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Chinese Scientists Demonstrate First Maritime Salvage Robot

Chinese scientists demonstrated Saturday their latest invention of a maritime salvage robot, the first of its kind in China, at the ongoing Second China International Equipment Manufacturing Exposition held in Shenyang, capital of northeast China's Liaoning Province.


The robot, which looks like two small rockets bound together, is nearly one meter long, weighs 30 kilograms and can swim at a speed of three meters per second in billowy seas, according to the Shenyang Automation Institute of the Chinese Academy of Sciences (CAS), which developed and patented the machine.


"In most cases, hurricanes and rough seas easily hinder maritime salvage vessels from approaching ships in danger and may even cause the two ships to collide," said Yan Kuichen, an engineer from the CAS Shenyang Automation Institute.


According to Yan, sometimes rescuers have to observe a ship going down when all it needs is buoys or a rope. This is where the robot can help out.


The upper part of the robot is furnished with a radio signal receiver, compass and various chips. The lower part carries two turbines and nickel-hydrogen batteries.


The model has passed tests in both simulated and real sea environments, noted Yan.


When given orders via remote control from up to one kilometer away, the robot can quickly reach people struggling in rough water and throw them life preservers. The longest distance the robot can swim at one time is 4.8 kilometers.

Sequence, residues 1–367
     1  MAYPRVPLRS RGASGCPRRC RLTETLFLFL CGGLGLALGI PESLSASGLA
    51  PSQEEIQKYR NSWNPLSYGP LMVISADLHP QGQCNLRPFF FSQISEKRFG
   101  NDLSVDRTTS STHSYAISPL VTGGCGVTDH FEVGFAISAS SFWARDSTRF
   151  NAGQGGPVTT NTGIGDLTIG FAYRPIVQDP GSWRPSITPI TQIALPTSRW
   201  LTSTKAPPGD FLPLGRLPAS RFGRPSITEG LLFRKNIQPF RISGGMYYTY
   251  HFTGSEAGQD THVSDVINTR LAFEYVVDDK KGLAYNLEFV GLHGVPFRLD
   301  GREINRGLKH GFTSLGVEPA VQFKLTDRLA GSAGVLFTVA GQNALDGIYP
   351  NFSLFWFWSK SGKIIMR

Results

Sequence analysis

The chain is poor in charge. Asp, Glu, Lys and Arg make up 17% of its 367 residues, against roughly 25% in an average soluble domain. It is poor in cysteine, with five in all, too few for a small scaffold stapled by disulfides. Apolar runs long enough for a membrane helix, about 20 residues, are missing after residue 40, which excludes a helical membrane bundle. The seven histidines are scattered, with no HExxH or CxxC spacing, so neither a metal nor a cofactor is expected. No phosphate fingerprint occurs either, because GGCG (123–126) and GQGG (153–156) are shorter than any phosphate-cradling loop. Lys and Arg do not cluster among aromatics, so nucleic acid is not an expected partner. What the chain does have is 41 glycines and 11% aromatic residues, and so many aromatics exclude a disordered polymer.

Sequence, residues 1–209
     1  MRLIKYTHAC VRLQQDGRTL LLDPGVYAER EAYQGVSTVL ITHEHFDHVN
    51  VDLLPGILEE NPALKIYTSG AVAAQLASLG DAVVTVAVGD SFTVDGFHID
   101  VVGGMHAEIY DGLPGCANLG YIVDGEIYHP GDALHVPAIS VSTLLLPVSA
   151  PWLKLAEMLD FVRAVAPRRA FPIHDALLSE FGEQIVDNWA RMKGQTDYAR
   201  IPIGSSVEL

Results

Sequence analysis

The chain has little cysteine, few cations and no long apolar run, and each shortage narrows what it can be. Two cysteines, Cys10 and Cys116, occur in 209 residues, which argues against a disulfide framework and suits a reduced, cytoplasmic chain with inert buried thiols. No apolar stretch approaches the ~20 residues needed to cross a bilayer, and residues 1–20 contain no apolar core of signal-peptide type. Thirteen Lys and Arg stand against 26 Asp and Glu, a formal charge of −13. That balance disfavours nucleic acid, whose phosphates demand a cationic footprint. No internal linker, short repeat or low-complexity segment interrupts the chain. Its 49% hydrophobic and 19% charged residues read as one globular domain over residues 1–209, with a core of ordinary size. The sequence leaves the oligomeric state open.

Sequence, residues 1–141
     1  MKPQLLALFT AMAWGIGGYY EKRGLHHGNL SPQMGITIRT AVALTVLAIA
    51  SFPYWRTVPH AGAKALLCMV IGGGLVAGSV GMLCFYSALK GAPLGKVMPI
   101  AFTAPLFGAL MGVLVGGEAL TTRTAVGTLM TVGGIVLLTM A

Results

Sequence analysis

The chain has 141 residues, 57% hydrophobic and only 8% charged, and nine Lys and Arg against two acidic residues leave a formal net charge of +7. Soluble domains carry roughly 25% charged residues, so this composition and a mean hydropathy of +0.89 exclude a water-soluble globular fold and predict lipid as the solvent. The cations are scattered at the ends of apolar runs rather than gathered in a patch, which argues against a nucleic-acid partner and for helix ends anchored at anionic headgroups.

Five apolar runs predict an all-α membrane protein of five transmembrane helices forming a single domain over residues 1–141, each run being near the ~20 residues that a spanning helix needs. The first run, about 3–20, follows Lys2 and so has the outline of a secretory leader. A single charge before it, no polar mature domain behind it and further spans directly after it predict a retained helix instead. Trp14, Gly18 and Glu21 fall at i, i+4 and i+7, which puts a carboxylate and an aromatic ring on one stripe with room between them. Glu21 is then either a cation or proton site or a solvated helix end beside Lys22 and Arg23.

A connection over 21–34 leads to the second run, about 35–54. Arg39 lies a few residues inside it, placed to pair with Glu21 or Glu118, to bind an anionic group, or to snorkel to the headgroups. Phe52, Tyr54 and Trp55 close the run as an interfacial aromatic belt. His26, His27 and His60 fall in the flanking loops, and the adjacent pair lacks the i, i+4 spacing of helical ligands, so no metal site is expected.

Information such as traveling speed, direction and energy reserves can be transmitted back to the remote controller.


In addition to sending buoys and ropes to victims of maritime accidents, the robot can also drag people and ships with up to four people on board away from accident sites, according to previous test results.


"Designed as a tumbler, the robot can always ride waves and will never overturn. It is quick to respond to orders sent by remote control," Yan said.


The robot could later be applied in many other areas, including anti-terrorism activities and transmitting goods between two ships in an emergency.


According to Yan, the design will go into mass production soon and be sold in China's mainland, the Hong Kong Special Administrative Region and foreign countries such as the United States.

(Xinhua News Agency, September 7, 2003)

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